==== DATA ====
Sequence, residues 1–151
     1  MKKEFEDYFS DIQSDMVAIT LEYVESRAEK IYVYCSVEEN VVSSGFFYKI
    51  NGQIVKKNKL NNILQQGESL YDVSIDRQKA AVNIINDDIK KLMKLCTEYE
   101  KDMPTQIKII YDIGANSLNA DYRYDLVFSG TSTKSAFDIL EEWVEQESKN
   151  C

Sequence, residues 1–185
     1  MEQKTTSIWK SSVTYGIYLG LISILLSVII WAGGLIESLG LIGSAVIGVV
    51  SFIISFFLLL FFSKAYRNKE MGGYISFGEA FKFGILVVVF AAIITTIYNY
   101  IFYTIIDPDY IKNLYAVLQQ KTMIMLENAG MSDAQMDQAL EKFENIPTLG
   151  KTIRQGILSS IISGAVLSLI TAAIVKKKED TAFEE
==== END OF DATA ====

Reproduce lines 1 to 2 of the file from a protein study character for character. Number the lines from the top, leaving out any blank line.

Sequence, residues 1–151
     1  MKKEFEDYFS DIQSDMVAIT LEYVESRAEK IYVYCSVEEN VVSSGFFYKI